To determine if AFAP1-AS1 affects the growth or aggressiveness of TNBC cells, we depleted AFAP1-AS1 expression using two siRNAs targeting different regions of AFAP1-AS1 in two TNBC cell lines, MDA-MB-231 and HCC1937 (Fig. 3d, e). Limited knock down of AFAP1-AS1 (~ 25–50%), was sufficient to decrease proliferation (Fig. 3g, h) and inhibit colony formation (Fig. 3i, j) of both MDA-MB-231 cells and HCC1937 cells. The functions of AFAP1-AS1 are not yet clear, but the identification AFAP1-ASI as a TNBC specific gene through analysis of subtype specific chromatin states illustrates the power of our approach in identifying novel molecular targets for future development of TNBC therapies.

NAA60/ZNF597 imprinting

Our analyses also identified loci that are specifically silenced in TNBC cells. One striking example is located at the bi-directional promoter of NAA60/ZNF597, which displays a complete loss of active promoter marks in both TNBC subtypes (Additional file 16: Figure S8). ZNF597 is further validated to have lower expression in TCGA basal patients compared with other breast cancer subtype patients (Additional file 13: Figure S6). NAA60 is a histone acetyltransferase that mediates several acetylation events in H4, including H4K20ac, H4K79ac and H4K91ac. The long isoform of NAA60 is subject to allele specific imprinting, while in contrasts, the shorter isoforms are bi-allelically expressed. The complete reduction of H3K4me3 at the long isoform promoter is consistent with bi-allelic silencing of the longer isoform. These results highlight the power of chromatin states signatures to not only predict transcriptional status but also to infer other potential epigenetic patterns, such as DNA methylation states.


The LONESTAR consortium data provide a comprehensive resource for histone modification profiles and transcription states across a novel collection of breast cancer cell lines that represent the 5 molecular subtypes of breast cancer. Integrated analyses of these data defined chromatin state landscapes across human breast cancer cell lines and identified subtype specific epigenetic signatures for major breast cancer subtypes. These epigenetic signatures revealed functional gene sets for each of the five breast cancer subtypes. Our results are consistent with previous breast cancer profiling studies, but also provide unique insights, such as discovery of AFAP1-AS1 (Fig. 3) and NAA60 (Additional file 16: Figure S8) as potential TNBC subtype specific genes. The chromatin state landscapes defined here in breast cancer cells also demonstrate the complexity of interactions between covalent histone modifications.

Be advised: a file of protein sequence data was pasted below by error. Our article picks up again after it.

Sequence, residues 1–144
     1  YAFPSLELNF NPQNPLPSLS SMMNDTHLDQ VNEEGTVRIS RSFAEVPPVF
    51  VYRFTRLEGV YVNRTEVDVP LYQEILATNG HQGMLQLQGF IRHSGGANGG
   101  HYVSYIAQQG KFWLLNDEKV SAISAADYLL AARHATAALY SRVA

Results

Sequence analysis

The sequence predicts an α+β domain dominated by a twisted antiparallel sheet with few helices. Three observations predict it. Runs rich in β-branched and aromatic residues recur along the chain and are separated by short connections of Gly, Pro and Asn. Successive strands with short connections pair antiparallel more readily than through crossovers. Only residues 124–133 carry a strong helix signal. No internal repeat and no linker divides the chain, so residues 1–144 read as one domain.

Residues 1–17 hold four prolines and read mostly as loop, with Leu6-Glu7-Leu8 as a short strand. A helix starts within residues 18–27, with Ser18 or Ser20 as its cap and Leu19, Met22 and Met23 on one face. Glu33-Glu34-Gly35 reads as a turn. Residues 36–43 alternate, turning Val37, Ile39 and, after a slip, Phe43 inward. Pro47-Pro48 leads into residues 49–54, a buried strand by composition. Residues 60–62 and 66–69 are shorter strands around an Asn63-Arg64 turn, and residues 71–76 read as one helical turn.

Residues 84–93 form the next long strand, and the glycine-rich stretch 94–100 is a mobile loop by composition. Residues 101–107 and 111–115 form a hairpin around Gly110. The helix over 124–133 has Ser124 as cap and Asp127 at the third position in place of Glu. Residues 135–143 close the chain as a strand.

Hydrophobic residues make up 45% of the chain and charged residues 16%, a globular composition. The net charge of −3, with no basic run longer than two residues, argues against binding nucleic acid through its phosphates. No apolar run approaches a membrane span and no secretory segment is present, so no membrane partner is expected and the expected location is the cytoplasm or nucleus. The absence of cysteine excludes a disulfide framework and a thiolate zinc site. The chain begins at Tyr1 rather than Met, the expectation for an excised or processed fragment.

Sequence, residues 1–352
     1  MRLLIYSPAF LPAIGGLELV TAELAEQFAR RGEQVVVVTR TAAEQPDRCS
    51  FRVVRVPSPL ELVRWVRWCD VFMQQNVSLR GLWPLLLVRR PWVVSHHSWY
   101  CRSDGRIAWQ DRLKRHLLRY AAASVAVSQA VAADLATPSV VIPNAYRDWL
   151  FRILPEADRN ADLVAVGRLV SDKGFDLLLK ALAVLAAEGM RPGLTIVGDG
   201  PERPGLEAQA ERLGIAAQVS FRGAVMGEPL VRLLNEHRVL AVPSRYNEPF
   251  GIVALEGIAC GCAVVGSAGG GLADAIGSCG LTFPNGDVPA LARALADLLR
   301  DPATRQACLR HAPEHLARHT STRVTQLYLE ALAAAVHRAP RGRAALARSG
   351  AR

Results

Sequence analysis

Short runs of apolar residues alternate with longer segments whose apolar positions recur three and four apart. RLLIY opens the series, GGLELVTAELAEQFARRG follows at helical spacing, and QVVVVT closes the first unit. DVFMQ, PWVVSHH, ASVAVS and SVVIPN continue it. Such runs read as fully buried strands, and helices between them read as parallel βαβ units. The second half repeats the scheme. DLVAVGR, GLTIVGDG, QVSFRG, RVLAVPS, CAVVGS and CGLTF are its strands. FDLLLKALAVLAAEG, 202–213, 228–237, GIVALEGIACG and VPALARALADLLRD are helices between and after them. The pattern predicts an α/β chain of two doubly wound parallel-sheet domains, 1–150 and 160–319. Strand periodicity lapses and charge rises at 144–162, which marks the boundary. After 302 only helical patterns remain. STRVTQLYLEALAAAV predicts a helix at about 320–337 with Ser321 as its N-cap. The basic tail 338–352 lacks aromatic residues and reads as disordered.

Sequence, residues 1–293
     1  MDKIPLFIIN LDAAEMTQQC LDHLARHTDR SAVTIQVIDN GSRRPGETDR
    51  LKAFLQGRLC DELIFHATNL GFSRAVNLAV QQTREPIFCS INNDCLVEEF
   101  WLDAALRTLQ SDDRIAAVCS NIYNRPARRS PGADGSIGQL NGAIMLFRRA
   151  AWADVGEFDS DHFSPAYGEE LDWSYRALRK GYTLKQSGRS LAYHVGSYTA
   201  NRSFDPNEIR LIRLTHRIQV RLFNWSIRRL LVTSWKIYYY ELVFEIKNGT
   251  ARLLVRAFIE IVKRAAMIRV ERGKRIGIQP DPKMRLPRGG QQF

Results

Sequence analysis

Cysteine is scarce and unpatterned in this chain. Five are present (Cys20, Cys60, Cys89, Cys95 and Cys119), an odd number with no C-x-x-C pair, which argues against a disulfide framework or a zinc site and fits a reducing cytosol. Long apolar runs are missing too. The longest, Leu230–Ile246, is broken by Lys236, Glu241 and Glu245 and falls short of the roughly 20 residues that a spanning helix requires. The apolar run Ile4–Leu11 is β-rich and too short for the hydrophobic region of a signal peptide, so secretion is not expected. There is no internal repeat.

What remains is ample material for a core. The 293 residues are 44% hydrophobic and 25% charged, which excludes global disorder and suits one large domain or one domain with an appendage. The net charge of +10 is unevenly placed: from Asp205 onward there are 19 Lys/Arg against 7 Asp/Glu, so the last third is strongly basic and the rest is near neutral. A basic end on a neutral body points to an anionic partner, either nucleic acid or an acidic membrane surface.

Ultimately, these data may provide new clues to the etiology of the different breast cancer subtypes and new avenues for therapy development. We hope these data resources as well as our analyses will be broadly used in the breast cancer research community for mechanistic studies, biomarker discovery and precision therapy.


Experimental procedures

Cell cultures

All cell lines used for the Lonestar Consortium were purchased from ATCC (

Cell line ATCC ID.


MCF10A CRL-10317.

MCF7 HTB-22.

ZR751 CRL-1500.

MB361 HTB-27.

UACC812 CRL-1897.


AU565 CRL-2351.

HCC1954 CRL-2338.

MB231 CRM-HTB-26.

MB436 HTB-130.

MB468 HTB-132.

HCC1937 CRL-2336.

Cells were grown and cared for in the laboratory of Khandan Keyomarsi at the MD Anderson Cancer Center to ensure reproducibility and equity among all the labs in the consortium. RNA, protein isolates, chromatin extracts and nuclei preparations were performed in the cell culture core lab and distributed to the different member labs of the consortium for downstream experimentation. The two immortalized breast epithelial cell lines, MCF-10A and 76 N–F2V, were grown in D-Media and all other cell lines were grown in alpha media. All cells were grown in cell culture incubators at 37oC with 6.5% CO2. For D-media, the following components are added to an equal mixture of alpha-MEM and Ham’s F12 base media; 0.1 M HEPES, 2 mM L-glutamine, 1% FBS, 0.035 mg/ml of Bovine Pituitary Extract, 0.01 mM Ascorbic Acid, 2 nM β-estradiol, 2.5 ng/ml Sodium Selenite, 10 nM Triiodothryonine, Ethanolamine, 1 μg/ml Insulin, 1 ng/ml Hydrocortisone, 0.1 mM Phosphoethanolamine, 0.01 mg/ml Transferrin, 12.5 ng/ml Epidermal Growth Factor, 1% Penn/Strep. For alpha media the following components are added to α-MEM base media; 0.1 M HEPES, 10% Fetal Calf Serum, 1% non-essential amino acids, 2 mM L-glutamine, 1% Sodium Pyruvate, 1 μg/ml insulin, 1 ng/ml Hydrocortisone, 12.5 ng/ml Epidermal Growth Factor, 1% Penn/Strep.

Small interfering RNA transfection

When cells reached 60% confluence, two siRNAs targeting AFAP1-AS1 (ThermoFisher Scientific, Cat. # 4390771, n262319 and n262320) and a control siRNA were transfected separately using Lipofectamine® 2000 (Life Technologies Cat. # 11668019) following manufacturer’s instructions. Six to eight hours after transfection, the medium was changed to normal culture medium as described above.